According to Bellerophon, the genetic similarities between the two coronaviruses “support the potential for [inhaled nitric oxide] to provide meaningful benefit for patients infected with COVID-19” and inhibit the progression of upper respiratory tract symptoms.
“Based on currently available data and its significant role in the immune response, we believe INOpulse has the potential to be a safe and effective treatment for COVID-19,” said CEO Fabian Tenenbaum. “INOpulse technology utilizes targeted pulsatile delivery of inhaled nitric oxide, providing important antiviral potential, as well as improved arterial oxygenation.”
“Importantly, INOpulse is designed to treat patients in the outpatient setting, which may be critical in helping combat the further spread of the virus and significantly alleviate the mounting impact on hospitals and intensive care units,” Tenenbaum added.
Prior to the outbreak, Bellerophon had been building up inventory of its INOpulse device for a planned, large phase 3 trial in pulmonary fibrosis—which the company is currently looking to divert to hospitals in need, Tenenbaum told FierceMedTech in an interview.
Additionally, about a month ago, Bellerophon completed a safety trial in healthy volunteers showing its high-dose paradigm could be tolerated, at levels similar to those used against the earlier SARS outbreak, he said. The FDA is also currently reviewing a research protocol for a new clinical trial against COVID-19 to explore the device’s next steps in development.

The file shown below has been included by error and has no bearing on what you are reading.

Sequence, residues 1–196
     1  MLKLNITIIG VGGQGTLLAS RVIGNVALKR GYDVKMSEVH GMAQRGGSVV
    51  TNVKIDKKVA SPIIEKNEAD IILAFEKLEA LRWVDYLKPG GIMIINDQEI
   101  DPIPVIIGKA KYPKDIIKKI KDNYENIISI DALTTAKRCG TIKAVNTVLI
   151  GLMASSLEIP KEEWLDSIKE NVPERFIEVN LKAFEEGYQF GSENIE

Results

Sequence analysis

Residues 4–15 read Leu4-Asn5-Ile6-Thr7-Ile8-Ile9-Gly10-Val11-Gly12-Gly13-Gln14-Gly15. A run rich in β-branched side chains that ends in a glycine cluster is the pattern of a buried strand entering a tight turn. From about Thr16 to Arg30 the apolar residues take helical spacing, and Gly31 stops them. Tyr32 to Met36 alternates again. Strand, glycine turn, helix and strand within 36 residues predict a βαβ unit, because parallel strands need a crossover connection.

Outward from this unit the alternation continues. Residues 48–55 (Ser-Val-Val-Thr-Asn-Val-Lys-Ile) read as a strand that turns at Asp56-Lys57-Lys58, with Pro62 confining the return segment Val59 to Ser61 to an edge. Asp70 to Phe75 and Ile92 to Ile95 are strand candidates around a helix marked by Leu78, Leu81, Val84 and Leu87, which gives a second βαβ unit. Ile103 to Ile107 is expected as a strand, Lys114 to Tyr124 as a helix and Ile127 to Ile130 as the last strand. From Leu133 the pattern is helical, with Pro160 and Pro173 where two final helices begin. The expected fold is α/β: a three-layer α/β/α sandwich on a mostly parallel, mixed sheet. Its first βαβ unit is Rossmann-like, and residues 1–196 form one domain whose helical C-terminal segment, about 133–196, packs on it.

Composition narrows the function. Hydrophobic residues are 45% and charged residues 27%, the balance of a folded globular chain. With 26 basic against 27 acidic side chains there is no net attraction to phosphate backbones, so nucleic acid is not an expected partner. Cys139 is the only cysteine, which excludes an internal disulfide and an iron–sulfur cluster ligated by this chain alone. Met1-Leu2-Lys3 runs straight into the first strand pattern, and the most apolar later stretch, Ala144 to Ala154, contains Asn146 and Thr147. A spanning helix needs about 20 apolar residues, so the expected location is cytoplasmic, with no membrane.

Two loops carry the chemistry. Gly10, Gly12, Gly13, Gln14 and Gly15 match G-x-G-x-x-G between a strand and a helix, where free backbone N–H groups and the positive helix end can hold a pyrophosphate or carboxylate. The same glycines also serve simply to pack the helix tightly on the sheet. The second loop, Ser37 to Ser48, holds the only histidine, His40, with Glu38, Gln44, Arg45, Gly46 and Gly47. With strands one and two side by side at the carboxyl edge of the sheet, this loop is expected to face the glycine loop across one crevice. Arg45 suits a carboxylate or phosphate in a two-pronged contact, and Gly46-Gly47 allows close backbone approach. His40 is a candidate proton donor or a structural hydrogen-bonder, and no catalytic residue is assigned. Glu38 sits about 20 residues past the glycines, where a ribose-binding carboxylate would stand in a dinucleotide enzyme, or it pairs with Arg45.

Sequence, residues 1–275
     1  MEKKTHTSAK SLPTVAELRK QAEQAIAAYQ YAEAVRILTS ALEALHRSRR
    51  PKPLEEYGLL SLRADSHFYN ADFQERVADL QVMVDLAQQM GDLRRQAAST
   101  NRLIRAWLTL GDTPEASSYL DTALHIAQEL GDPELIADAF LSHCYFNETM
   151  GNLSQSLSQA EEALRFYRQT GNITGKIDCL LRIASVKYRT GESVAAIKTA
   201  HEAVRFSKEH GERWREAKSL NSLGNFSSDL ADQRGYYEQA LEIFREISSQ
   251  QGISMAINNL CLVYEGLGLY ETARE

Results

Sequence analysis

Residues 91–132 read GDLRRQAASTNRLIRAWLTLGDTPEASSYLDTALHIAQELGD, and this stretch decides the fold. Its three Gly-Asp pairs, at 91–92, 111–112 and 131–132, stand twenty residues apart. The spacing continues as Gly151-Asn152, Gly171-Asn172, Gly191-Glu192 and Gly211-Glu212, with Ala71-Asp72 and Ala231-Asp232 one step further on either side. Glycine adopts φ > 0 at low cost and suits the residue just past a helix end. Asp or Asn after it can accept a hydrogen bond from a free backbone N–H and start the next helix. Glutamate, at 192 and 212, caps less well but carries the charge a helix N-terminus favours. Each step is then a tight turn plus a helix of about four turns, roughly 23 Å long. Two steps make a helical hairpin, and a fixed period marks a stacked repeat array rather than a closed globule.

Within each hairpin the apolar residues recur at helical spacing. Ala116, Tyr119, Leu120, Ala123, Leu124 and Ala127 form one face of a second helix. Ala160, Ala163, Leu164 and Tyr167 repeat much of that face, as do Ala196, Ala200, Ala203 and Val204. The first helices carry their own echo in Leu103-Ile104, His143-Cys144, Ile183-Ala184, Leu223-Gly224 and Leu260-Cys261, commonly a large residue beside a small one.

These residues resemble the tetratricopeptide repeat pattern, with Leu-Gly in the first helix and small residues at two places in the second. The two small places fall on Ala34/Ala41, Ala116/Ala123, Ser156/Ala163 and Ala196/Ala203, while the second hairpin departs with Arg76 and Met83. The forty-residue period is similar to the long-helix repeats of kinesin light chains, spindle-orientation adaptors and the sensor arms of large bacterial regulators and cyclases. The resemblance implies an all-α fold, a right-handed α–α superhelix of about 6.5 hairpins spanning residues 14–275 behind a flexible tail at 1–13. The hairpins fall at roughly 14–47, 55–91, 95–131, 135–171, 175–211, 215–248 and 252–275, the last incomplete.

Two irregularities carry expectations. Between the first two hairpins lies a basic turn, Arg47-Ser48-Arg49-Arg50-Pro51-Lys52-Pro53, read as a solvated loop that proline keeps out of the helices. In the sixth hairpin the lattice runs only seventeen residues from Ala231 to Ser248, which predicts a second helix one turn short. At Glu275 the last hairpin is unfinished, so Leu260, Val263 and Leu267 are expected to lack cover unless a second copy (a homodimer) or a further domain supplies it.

The FDA’s access decision comes less than 24 hours after President Donald Trump pointed to compassionate use as one of the ways the administration is responding to the spread of the virus.
“Disseminating information about promising off-label uses of drugs we already have, investigating their effectiveness, and pursuing other therapeutics will help give American healthcare providers the tools they need to save lives,” HHS Secretary Alex Azar said in an FDA statement on the agency’s work to facilitate development of investigational treatments such as the malaria drug chloroquine and Gilead’s remdesivir antiviral, which is also available under compassionate use.
“While there are no FDA-approved therapeutics or drugs to treat, cure or prevent COVID-19, there are several FDA-approved treatments that may help ease the symptoms from a supportive care perspective,” the agency said March 19.
The new emergency expanded access pathway allows doctors to request use of the INOpulse for multiple patients at once, without including their names or other personally identifying details, Tenenbaum said.
Inhaled nitric oxide has also been pursued as a COVID-19 therapy by several others, and is currently undergoing clinical trials in China—both as a potential treatment for patients and as a preventive measure for healthcare providers—with studies sponsored by Massachusetts General Hospital and the Chinese University of Hong Kong.
Mallinckrodt, for one, has been exploring its use against the disease in coordination with the FDA, NIH and BARDA, and previously markets the gas as a treatment for neonates suffering from respiratory failure.